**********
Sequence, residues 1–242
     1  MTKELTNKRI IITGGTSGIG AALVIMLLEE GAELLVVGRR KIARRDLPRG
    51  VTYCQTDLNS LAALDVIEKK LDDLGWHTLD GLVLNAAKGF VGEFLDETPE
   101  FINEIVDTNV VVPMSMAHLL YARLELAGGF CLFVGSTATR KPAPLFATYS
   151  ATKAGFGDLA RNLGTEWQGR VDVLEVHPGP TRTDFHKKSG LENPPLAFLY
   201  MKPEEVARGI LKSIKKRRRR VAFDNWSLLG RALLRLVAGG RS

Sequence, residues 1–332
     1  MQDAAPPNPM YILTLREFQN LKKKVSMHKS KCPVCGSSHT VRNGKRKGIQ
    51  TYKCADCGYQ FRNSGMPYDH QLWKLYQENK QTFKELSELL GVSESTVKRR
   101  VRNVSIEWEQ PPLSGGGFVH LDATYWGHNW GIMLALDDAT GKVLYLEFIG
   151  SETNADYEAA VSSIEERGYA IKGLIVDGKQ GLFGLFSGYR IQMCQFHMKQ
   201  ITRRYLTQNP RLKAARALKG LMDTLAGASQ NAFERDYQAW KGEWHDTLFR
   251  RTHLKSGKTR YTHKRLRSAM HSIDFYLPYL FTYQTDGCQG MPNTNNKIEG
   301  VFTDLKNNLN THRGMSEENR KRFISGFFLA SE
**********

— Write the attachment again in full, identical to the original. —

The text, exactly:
Sequence, residues 1–242
     1  MTKELTNKRI IITGGTSGIG AALVIMLLEE GAELLVVGRR KIARRDLPRG
    51  VTYCQTDLNS LAALDVIEKK LDDLGWHTLD GLVLNAAKGF VGEFLDETPE
   101  FINEIVDTNV VVPMSMAHLL YARLELAGGF CLFVGSTATR KPAPLFATYS
   151  ATKAGFGDLA RNLGTEWQGR VDVLEVHPGP TRTDFHKKSG LENPPLAFLY
   201  MKPEEVARGI LKSIKKRRRR VAFDNWSLLG RALLRLVAGG RS

Sequence, residues 1–332
     1  MQDAAPPNPM YILTLREFQN LKKKVSMHKS KCPVCGSSHT VRNGKRKGIQ
    51  TYKCADCGYQ FRNSGMPYDH QLWKLYQENK QTFKELSELL GVSESTVKRR
   101  VRNVSIEWEQ PPLSGGGFVH LDATYWGHNW GIMLALDDAT GKVLYLEFIG
   151  SETNADYEAA VSSIEERGYA IKGLIVDGKQ GLFGLFSGYR IQMCQFHMKQ
   201  ITRRYLTQNP RLKAARALKG LMDTLAGASQ NAFERDYQAW KGEWHDTLFR
   251  RTHLKSGKTR YTHKRLRSAM HSIDFYLPYL FTYQTDGCQG MPNTNNKIEG
   301  VFTDLKNNLN THRGMSEENR KRFISGFFLA SE